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Are stale bagels better insulators than fresh ones?

  1. Oct 29, 2011 #1

    cmb

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    It may be my imagination, but if I toast a fresh bagel it comes out of the toaster hotter than one that has been kicking around the kitchen for more than a week.

    I tend to blob butter on it and let it melt before smoothing it over, rather than putting effort into 'spreading' cold butter (plus avoiding squishing your nicely toasted bread).

    The butter on the fresh one melts quick, whereas the butter on the stale one needs a bit of spreading and doesn't all seem to melt. The stale one just doesn't seem to get as hot as the fresh one.
     
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  3. Oct 29, 2011 #2

    I like Serena

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    My first guess would be that the stale one has absorbed moisture from the air.
    It takes more energy to heat it.
     
  4. Oct 29, 2011 #3

    xts

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    Stale one (yuck!) is much dryer - it contains quite a little moist. So even if it is hotter (by means of temperature) it has very low heat conductivity and small heat capacitance.

    On the other hand, the fresh one if toasted, contains lots of water at temp close to 100C - it provides additional heat capacitance and heat transport, as water evaporates and condenses back on butter (or your fingers).

    Moist toast at 95C may seems much hotter than dry one at 120C.
     
  5. Oct 29, 2011 #4
    I wonder how you are able to do that! :confused:
    stale bread is drier, but staling is not only a process of evaporation: if it were so it would be faster in moist environment and at room temperature. (Bread stored in the refrigerator stales quicker): starch molecules are degelatinized, the consequences of this process are not known but might be relevant. Then again, stale bread toasts quicker: if the timer is not regulated, this will make things worse, there will be no moisture left.
    Water evaporating from toasted fresh bread is hotter, moves faster. More moisture = more heat: more heat at higher temp moving faster.
     
    Last edited: Oct 29, 2011
  6. Oct 29, 2011 #5

    xts

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    A little bit off topic, but I am curious: is it (where? what culture?) popular to toast bagels?
     
  7. Oct 29, 2011 #6

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    Huh? :confused:
    Is this true?

    I thought everything happens slower when it's colder.
     
  8. Oct 29, 2011 #7

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    OK, so the first bagel I had earlier was the last of 5 bought about 9 days ago. They were supermarket types that have some preservative chucked in them to keep a bit longer. It wasn't 'dried out', just not as fresh as you might want but good eough for toasting. It had been wrapped in its plastic bag for that week.

    The thing about the fresher one being 'more humid' is a clear difference but I was thinking that maybe this means there is less 'contiguity' between the structures of the bread, so does not conduct heat so fast into its interior. The higher humidity might have equally meant it was cooler, as that would have the opportunity to evaporate and lower the temperature (like the fire brigade recommend putting a wet blanket over you if you have to run out of a burning building), but this evaporation process doesn't seem to be the mechanism that wins out. Rather, the moisture seems to aid conduction into the bagel so that the heat gets deeper into it.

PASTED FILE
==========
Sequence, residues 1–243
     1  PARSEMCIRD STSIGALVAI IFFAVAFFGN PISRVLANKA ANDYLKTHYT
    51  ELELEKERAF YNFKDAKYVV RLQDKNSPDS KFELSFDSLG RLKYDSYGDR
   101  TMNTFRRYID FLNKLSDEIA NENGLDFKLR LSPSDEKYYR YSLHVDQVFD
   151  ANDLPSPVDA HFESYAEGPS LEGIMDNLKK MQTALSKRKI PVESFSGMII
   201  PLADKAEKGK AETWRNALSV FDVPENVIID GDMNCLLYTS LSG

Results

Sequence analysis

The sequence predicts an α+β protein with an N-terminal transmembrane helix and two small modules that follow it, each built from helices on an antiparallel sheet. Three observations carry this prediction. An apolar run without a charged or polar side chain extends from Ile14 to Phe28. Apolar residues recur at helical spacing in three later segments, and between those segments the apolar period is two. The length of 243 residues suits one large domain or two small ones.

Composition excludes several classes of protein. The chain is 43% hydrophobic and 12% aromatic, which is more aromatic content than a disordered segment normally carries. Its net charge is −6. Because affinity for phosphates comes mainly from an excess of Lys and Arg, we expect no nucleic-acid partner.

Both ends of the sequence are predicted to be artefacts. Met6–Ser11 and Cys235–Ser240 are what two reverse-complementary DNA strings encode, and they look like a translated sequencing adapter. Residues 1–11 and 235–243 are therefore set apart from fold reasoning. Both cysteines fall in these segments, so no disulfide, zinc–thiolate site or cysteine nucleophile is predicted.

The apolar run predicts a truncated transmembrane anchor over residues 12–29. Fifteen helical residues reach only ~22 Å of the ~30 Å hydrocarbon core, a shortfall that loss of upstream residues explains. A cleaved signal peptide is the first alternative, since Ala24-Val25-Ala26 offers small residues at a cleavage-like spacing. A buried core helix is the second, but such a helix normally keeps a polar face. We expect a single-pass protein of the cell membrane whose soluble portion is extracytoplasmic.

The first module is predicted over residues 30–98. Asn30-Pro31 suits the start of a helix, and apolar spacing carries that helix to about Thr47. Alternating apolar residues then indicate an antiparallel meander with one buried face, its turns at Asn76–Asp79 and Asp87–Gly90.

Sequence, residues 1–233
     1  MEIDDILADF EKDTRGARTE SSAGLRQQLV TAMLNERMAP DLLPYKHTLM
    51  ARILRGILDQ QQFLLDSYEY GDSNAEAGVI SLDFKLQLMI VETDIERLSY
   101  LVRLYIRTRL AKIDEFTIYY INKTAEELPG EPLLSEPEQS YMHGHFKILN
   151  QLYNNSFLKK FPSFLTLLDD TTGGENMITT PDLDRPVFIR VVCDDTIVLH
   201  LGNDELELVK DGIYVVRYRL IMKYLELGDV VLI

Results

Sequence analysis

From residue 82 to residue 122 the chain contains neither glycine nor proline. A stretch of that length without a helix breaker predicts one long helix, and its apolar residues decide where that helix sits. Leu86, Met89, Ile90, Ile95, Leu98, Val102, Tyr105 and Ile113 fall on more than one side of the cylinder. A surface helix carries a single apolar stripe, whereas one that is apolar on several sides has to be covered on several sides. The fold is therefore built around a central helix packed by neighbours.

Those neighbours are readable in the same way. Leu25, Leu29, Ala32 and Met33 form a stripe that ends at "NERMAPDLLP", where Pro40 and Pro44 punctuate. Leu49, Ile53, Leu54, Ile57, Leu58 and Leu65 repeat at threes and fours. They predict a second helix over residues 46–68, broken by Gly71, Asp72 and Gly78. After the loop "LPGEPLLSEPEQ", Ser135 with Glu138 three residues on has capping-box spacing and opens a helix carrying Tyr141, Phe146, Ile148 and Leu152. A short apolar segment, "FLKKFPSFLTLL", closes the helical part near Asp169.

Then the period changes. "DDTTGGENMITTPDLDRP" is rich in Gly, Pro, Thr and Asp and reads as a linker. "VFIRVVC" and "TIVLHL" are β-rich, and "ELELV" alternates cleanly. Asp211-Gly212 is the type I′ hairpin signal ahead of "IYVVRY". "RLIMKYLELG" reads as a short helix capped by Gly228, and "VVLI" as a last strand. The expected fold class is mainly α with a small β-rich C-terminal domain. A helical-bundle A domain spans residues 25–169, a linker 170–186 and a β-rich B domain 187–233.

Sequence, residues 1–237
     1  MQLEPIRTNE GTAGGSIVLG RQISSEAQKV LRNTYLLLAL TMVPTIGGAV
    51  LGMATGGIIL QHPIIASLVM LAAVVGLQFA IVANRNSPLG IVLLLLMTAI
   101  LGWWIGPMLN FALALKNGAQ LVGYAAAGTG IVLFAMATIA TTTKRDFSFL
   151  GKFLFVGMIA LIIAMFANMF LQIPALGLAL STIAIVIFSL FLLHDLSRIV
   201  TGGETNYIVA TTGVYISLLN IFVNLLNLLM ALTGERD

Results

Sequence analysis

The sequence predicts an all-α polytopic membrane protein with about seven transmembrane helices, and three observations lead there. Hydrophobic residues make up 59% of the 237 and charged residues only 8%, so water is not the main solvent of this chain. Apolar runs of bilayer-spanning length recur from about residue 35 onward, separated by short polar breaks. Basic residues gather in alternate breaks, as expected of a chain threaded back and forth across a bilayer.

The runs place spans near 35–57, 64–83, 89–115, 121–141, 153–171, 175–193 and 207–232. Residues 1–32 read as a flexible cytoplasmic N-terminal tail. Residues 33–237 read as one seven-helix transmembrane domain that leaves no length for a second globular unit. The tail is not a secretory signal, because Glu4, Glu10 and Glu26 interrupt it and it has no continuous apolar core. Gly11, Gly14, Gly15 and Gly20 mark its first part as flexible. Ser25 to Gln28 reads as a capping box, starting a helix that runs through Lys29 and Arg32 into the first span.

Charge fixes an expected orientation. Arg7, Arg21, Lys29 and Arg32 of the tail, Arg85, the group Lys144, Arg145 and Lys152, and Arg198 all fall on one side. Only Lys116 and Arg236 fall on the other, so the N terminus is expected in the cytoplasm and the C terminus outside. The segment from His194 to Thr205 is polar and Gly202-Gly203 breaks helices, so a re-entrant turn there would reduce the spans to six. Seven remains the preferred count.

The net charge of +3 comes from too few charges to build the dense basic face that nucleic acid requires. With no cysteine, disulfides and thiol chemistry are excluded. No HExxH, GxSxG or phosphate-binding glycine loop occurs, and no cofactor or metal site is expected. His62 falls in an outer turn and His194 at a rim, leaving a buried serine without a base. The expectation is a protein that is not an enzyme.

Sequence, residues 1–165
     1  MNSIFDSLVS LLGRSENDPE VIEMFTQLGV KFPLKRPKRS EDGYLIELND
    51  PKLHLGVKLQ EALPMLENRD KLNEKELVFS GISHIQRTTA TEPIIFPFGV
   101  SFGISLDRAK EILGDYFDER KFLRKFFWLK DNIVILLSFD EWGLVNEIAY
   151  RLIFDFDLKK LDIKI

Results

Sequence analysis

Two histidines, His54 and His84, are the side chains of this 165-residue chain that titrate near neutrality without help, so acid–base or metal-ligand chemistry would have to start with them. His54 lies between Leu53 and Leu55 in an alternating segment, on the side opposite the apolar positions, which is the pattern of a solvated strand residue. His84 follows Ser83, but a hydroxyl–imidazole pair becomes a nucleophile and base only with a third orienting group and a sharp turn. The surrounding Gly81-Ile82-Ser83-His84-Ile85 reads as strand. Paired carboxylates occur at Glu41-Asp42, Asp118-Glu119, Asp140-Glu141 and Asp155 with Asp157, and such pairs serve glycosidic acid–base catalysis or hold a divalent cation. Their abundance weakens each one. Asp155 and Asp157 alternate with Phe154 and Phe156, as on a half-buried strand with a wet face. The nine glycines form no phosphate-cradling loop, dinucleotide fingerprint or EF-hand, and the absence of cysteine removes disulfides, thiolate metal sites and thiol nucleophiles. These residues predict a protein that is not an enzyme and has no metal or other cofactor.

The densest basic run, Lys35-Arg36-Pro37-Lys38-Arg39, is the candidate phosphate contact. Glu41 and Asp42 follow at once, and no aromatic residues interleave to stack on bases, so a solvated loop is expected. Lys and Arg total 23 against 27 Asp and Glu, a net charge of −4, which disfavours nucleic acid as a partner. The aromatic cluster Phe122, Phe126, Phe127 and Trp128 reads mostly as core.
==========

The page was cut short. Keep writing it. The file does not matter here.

I guess an experiment could be done the next time I have both fresh and old packets - I can microwave a test piece. That way, they should heat internally. Not sure how the change of water content might impact that, though. I have an IR thermometer, I'll do some tests sometime and report back some objective values .....
     
  9. Oct 29, 2011 #8

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    I think that's true also. My wife has kept bread in the fridge before, and it is disgusting afterwards. Bread is OK if you freeze and unfreeze it quick, but it goes baaad if it dwells too long at that ~4°C range.
     
  10. Oct 29, 2011 #9
    Rrefrigeration will slow the growth of mold and other undesibables, but it does stale faster in the refrigerator, than on the kitchen counter. I you want to keep bread for a longer time it would be best to freeze the loaf.

    A bread going stale undergoes a chemical process as you have said. Most of the moisture is still in the bread. Evaporation would result in a crispy, crumbly bread instead of the tough stuff when it stales.

    To un-stale, reheat the bread and the chemical process is reversed somewhat. The evaporated parts will still be dry though. You have to eat the re-heated bread right away before it cools.

    Edit: By the way, stale bread is used in many culinary dishes such as French toast and croutons.
     
    Last edited: Oct 29, 2011
  11. Oct 29, 2011 #10
    Yes, it is true, it is not "evaporation". There is enough moisture in stale bread, but it is not "available", it is strange, but you get it back by heat. You can check it yourself : if you warm a stale roll "gently" up to 65 C°, it becomes crisp againg, instead of getting worse. Starch molecules re-gelatinize!.
    No insulation.
     
    Last edited: Oct 29, 2011
  12. Oct 29, 2011 #11
    When re-heating, it is best to put the bread inside a moist paper bag.
     
  13. Oct 29, 2011 #12

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    Actually, I'm used to freezing fresh bread immediately.
    If found that even the next day, reheating with a microwave tastes better than bread kept at room temperature.
    Have to eat it immediately though.
     
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